Big Changes Ahead for Affordable Care Act

January 25, 2017

Action by the new Congress and an executive order last week by President Trump foretell big changes in the Patient Protection and Affordable Care Act and its companion statute, the Health Care and Education Reconciliation Act of 2010 (referred to collectively as the ACA), or even its outright repeal and replacement with other legislation.

With the House passage of the Senate budget bill, certain committees have been instructed to complete a draft of the repeal legislation by January 27. It is unclear at this point what aspects of the ACA, if any, may be preserved in the repeal legislation, as various current and former members of Congress have proposed differing options.

In his executive order, President Trump states that it is the policy of his administration to seek the prompt repeal of the ACA. Pending the conclusion of the repeal efforts, the stated intent of the order is to efficiently implement the ACA, minimize unwarranted economic and regulatory burdens, and afford states more flexibility to create a freer and more open healthcare market.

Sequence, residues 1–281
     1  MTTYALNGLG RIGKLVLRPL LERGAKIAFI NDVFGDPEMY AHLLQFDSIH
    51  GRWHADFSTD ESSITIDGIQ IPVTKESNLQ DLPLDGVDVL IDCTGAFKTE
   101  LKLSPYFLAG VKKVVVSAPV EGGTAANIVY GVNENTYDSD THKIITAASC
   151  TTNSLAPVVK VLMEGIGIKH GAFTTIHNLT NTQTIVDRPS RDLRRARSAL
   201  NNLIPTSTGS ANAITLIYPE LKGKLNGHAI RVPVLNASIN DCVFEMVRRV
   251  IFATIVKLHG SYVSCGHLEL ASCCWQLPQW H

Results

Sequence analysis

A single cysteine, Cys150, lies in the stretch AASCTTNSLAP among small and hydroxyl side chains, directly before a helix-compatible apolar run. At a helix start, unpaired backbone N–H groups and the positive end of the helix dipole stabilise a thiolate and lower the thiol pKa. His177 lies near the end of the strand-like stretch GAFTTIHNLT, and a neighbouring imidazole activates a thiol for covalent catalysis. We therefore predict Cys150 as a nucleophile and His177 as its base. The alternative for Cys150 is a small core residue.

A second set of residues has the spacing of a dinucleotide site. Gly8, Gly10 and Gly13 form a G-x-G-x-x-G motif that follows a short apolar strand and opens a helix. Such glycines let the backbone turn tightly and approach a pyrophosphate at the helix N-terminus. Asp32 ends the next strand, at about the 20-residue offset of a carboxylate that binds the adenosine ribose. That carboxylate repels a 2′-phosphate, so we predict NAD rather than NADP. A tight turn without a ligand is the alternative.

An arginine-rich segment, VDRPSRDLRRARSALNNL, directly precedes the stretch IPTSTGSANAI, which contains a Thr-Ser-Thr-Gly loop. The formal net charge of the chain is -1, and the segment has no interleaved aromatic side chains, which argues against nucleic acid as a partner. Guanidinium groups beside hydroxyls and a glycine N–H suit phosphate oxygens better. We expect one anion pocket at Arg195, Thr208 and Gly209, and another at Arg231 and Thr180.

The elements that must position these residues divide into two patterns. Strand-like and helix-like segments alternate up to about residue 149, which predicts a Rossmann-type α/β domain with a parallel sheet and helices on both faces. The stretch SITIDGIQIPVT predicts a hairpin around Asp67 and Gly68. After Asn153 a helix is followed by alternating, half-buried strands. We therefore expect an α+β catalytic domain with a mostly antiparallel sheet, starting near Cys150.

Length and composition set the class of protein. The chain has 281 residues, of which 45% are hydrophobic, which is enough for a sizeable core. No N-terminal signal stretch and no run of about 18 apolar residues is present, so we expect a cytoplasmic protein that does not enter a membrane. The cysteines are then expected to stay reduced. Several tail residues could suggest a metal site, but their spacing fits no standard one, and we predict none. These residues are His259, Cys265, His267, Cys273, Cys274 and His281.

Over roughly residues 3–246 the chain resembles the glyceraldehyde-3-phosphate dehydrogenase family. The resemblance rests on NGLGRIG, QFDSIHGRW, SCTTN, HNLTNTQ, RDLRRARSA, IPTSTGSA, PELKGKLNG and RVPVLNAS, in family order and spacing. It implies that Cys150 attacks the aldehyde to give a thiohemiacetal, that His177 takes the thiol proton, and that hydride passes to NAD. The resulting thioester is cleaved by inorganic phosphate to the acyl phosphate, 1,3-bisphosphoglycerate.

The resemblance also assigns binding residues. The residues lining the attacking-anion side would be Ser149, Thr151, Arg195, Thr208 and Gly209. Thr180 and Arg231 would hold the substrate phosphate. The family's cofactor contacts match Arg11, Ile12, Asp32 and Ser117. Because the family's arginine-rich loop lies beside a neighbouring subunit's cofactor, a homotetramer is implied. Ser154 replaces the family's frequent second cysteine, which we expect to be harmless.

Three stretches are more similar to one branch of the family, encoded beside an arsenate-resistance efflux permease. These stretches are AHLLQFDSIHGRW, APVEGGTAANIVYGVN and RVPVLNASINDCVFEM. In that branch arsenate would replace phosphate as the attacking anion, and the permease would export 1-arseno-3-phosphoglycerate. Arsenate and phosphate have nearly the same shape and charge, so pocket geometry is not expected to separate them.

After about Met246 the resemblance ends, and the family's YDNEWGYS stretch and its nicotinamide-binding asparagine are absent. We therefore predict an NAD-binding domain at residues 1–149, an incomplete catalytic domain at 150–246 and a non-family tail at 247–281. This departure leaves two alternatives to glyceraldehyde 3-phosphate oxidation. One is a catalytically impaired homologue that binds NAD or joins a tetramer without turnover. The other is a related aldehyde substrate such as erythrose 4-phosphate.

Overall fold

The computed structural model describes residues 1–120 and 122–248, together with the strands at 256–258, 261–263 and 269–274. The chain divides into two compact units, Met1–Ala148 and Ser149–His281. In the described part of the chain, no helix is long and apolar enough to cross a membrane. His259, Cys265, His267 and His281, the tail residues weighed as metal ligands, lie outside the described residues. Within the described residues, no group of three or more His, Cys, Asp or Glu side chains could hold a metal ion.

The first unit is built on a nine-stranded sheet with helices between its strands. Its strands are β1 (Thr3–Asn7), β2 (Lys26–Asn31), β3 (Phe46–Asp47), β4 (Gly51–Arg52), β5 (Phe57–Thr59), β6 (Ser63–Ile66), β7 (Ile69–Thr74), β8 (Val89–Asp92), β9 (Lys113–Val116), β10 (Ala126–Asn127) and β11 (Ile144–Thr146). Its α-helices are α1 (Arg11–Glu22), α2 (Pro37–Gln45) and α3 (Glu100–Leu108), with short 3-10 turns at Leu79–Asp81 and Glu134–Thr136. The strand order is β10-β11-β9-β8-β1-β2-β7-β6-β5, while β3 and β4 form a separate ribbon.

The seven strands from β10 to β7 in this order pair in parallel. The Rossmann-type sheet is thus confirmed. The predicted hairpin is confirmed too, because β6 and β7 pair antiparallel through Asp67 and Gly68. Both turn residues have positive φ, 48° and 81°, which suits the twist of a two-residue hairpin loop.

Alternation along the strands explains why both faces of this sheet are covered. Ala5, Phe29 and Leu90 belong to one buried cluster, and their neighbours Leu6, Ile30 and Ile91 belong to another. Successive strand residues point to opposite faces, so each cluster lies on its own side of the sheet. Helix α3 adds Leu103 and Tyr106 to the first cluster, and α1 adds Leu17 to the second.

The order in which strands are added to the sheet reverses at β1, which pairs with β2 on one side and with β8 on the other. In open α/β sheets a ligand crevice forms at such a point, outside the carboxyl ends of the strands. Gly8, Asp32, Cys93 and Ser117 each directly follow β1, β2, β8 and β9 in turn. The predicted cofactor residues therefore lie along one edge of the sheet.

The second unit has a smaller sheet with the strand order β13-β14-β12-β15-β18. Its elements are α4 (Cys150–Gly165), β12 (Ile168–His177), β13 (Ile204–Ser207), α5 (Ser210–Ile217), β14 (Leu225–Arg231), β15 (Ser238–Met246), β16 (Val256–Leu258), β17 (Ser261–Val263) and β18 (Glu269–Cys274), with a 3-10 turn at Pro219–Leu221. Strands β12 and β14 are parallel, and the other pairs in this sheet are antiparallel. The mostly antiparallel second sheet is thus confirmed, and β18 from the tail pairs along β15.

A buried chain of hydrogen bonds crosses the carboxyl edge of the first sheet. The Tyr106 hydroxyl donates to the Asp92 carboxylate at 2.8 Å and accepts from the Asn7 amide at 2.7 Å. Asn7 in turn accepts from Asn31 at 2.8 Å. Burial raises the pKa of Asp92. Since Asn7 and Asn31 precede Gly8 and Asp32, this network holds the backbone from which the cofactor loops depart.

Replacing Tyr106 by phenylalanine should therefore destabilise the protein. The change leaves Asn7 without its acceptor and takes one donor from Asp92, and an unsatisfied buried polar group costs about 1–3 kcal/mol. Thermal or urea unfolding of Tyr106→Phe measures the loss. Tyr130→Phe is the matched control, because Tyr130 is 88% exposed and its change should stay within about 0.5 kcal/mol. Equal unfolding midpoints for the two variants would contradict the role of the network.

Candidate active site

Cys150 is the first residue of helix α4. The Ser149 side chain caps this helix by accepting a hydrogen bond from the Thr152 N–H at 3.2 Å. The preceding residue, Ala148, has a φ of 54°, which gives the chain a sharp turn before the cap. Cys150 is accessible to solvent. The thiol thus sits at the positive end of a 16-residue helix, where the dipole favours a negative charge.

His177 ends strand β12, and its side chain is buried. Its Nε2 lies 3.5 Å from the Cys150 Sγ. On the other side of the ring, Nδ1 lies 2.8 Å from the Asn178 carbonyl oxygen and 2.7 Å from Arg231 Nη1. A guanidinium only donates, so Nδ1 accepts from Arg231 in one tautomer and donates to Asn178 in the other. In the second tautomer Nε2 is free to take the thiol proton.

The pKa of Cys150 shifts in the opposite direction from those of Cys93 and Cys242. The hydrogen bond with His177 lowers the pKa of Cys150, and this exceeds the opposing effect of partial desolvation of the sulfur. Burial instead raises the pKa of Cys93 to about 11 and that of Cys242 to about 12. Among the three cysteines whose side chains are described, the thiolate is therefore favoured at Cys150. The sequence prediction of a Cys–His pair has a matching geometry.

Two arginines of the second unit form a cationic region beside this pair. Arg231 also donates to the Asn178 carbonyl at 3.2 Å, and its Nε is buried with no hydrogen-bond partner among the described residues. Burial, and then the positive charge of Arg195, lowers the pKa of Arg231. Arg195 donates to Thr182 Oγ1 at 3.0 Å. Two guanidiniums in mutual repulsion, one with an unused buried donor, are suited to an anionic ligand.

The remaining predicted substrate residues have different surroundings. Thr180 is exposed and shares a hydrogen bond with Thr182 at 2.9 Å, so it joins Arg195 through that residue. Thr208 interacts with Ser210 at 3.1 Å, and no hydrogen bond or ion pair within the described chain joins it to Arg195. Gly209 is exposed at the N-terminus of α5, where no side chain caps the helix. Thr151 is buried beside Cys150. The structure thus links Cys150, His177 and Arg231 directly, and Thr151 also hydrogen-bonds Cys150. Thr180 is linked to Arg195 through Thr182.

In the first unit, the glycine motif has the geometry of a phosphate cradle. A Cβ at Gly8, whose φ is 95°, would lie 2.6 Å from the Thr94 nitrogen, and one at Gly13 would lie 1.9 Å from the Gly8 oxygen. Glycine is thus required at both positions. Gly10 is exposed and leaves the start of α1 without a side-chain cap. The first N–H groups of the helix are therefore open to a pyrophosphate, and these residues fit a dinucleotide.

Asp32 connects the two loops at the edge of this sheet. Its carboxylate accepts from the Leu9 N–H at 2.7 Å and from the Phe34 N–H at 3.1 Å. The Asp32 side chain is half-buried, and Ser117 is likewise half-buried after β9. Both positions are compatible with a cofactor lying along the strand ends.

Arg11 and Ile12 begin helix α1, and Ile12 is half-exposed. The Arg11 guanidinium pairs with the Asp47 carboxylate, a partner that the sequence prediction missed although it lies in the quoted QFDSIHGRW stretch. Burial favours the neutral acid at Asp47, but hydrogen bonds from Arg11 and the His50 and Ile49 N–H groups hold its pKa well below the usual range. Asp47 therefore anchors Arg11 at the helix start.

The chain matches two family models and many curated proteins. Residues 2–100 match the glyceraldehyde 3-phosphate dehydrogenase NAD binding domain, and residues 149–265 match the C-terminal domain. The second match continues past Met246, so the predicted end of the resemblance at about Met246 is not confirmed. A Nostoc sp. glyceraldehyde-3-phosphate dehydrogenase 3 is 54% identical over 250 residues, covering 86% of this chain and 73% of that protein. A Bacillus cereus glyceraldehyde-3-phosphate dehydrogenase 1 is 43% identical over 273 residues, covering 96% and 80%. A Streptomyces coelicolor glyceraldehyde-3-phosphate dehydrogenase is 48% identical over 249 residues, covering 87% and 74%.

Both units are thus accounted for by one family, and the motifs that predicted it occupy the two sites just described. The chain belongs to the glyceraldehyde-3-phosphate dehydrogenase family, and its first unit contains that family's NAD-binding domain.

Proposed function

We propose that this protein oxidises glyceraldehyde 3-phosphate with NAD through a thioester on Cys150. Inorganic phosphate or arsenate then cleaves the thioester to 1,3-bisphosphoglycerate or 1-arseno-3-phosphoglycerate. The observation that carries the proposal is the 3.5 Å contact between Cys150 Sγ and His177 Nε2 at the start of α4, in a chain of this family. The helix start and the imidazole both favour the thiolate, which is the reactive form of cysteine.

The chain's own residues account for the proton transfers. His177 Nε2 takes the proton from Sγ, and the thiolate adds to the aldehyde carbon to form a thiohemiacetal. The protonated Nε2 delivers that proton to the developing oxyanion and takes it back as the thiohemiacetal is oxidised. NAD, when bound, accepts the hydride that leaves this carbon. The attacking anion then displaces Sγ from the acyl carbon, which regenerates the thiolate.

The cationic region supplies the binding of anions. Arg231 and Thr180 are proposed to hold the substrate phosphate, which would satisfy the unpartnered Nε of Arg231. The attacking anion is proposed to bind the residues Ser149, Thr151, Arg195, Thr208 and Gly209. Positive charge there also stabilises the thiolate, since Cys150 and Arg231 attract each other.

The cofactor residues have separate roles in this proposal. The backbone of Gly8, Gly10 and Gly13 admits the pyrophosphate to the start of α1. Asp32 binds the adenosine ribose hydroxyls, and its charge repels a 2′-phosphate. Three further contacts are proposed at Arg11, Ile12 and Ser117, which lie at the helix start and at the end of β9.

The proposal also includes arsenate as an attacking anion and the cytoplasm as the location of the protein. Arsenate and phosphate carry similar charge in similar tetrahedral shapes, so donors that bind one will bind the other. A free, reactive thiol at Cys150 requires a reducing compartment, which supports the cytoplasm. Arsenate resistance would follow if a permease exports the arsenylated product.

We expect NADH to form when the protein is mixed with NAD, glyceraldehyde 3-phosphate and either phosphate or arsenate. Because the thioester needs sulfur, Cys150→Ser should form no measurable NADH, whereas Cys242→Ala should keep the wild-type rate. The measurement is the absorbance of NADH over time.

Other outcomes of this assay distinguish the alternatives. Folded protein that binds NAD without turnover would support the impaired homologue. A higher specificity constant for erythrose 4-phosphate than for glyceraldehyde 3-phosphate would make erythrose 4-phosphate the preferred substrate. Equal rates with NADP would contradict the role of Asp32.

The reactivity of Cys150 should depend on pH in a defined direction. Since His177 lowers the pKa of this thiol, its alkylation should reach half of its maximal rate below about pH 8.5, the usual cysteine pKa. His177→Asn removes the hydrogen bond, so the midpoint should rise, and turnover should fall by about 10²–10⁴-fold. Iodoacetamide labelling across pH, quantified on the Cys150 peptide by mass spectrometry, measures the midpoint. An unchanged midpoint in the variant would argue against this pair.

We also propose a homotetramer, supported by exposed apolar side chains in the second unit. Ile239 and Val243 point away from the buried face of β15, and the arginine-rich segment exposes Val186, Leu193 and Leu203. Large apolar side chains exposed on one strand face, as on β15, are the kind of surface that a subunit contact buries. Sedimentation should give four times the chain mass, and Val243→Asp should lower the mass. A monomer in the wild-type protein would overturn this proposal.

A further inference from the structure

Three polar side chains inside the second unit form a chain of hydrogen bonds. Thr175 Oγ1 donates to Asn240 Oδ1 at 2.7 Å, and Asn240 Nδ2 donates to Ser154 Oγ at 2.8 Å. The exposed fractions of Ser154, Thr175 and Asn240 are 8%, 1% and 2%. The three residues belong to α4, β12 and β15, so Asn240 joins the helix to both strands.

Until Congress takes action to repeal part or all of the ACA, the status quo likely will continue for all aspects of the ACA on which formal guidance has already been approved. This means, for now, continued compliance with the following aspects of the ACA, among others:

  • the employer mandate and the penalties triggered by noncompliance;
  • the reporting obligations and IRS enforcement of penalties due from large employers who fail to timely and accurately report the coverage offered to employees and their dependents;
  • the market reform requirements (such as coverage for dependents up to age 26, no pre-existing condition exclusions, and prohibition of annual and lifetime limits) and IRS enforcement of penalties for non-compliance; and
  • the anti-discrimination rules and the enforcement of these provisions.